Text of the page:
When share price tanked based on the FDA advisory panel vote, who made the bigger mistake: longs who sold or shorts who did not cover? All the shorts would have taken a profit and all of the longs would have taken a loss (price was at a long term low.)
So the vote was 6-7 to not approve the drug? In other words, if one more person on the FDA panel would have voted to approve the drug would have been on track to receive market approval? Gee, this was supposed to be science and not a court decision or a political poll. In my mind, it either works or doesn't, or works some of the time for reasons unknown. If it works some of the time and causes no harm (and there are no other alternatives), shouldn't it get approval with a big bold warning that says it might not work?
When will we hear of the analyst downgrades? Analysts: you know, those folks who make a big production out of telling you something you already know. The ones I like the best are the "hold" recommendations with price targets below the current price, or the "sell" recommendations with price targets above the current price.
Analysts post their recommendations and price targets not because they want to help the investing public. Rather, they do so to meet their own self-serving objectives. Here's the Play Book:
1) Do not downgrade if you have a working relationship with the company or hope to establish one.
2) If the price got away from you, issue a downgrade so that you can get in at a lower price. Be ready to act quickly.
3) If you have told your clients to buy and bought some for your own account, issue a buy and raise the price target. If you really want to help your friends, provide hints that you'll be providing an upgrade soon.
4) Don't move your price target up or down too much. Big changes aren't credible.
5) If your price target is lower than the current price, be sure to issue a sell rating. Why would anyone hold or buy if the price is expected to go down?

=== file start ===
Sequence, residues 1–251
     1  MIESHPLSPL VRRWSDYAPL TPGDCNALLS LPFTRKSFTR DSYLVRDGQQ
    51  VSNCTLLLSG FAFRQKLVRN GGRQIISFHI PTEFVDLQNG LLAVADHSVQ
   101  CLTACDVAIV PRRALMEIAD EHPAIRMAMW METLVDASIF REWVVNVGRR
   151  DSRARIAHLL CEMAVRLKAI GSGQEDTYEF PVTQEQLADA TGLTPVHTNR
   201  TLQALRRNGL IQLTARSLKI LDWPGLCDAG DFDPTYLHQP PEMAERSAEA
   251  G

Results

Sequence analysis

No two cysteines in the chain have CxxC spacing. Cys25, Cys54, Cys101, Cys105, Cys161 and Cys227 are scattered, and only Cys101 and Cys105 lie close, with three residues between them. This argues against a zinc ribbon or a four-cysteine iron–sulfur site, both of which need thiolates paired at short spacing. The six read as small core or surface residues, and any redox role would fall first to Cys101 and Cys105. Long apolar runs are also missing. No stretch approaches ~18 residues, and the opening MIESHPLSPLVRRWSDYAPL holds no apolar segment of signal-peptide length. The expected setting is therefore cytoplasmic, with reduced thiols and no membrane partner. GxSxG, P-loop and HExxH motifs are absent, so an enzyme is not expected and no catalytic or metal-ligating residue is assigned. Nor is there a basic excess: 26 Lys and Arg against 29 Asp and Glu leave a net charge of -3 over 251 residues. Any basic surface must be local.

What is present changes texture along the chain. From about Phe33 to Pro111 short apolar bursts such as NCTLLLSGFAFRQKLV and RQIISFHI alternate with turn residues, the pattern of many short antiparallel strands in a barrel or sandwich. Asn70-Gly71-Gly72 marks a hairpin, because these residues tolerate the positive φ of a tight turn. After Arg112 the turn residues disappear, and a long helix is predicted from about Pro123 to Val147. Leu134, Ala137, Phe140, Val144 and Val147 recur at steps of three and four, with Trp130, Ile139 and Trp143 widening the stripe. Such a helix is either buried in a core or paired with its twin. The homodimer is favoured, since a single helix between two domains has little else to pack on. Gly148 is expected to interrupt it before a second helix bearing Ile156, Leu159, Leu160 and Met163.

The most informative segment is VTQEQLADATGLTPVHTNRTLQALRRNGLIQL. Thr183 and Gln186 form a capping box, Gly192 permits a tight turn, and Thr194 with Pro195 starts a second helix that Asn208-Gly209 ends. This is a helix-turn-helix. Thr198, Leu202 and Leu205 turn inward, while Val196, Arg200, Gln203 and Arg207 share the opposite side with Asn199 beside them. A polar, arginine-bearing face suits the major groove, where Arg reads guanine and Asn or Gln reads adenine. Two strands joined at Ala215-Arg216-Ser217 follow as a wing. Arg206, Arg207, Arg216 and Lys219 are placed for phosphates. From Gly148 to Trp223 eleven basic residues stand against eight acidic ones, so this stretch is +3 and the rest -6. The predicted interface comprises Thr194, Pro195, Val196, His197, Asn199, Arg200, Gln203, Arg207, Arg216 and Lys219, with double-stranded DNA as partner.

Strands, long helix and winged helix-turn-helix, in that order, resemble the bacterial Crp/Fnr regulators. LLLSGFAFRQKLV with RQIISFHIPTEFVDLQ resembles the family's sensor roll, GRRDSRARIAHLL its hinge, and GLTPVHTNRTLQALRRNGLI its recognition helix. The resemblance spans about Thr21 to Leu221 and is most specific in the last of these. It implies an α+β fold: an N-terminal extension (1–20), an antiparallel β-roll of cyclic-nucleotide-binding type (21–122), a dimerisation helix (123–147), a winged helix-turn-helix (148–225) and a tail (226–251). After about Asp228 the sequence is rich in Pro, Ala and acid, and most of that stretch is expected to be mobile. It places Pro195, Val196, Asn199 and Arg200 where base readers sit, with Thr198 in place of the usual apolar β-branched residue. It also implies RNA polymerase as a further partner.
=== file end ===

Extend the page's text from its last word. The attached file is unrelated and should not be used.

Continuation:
6) Don't fight the other analysts. If they like the company, play along.
7) If your projections turn out to be wrong (typically about 50%), do not revisit or admit mistake. After a while, most folks will forget that you guessed wrong.
8) When you tell jokes about stupid investors, be sure no one can overhear you.
You sound like a an analyst on TV. They only point to their random projections when one works out.
Upgrade one day followed by a downgrade the next. And the market listens to both of them? Goes to show that the real inside information is getting wind of an upgrade or downgrade before it becomes public.
Problem is that target is too far from current price. A nudge up is nice, but a 33% increase without news sounds like wishing. Wouldn't surprise me if they leaked this new target to a few clients, so they could buy yesterday and sell today.
Time for an optimistic press release once again. Any good news has a shelf life of 20 days (sometimes 20 minutes) and so we need something positive in the next couple days to keep the price over a buck.
Yup, he'll sell when he is ready to retire. Any acquiring firm will toss him aside, perhaps with a nice golden parachute to ease his move into retirement.
Off nearly 30% from the highs after earnings announcement. This company, like so many that are short favorites, finally have taught long term investors to look elsewhere. Only when a stock is able to hold a move up for at least a couple of days is it time to consider buying on "good news."
Let me understand. Yesterday, DDD beat estimates for earnings by a massive amount. Obviously the analysts were wrong, very wrong. Yet today, they say the stock is overvalued. They were wrong yesterday, but today they're right? You gotta wonder about investment logic.
At the current price everyone who bought and held yesterday is now underwater. Not some, or most... everyone. How can there be that many idiot investors and one or two smart analysts?
Remember, analysts think that you're an idiot if you don't agree with them. It is no longer a matter of investing in sound companies; you have to invest in the opinions of people you think everyone else will listen to. Earnings? Not important. One of these days we'll have a company conference call in which they start off talking about their upgrades and ignore everything else.
Ya can't trust the analysts. If DDD were privately held and any of these companies were going to be the brokers for the public offering, they'd ignore all the negatives and give twice the weight to the positives. As it is, I think they are simply trying to justify their previous recommendations. Like a retail investor who has made a bad decision on any stock, they figure to double-down in hopes of recovering.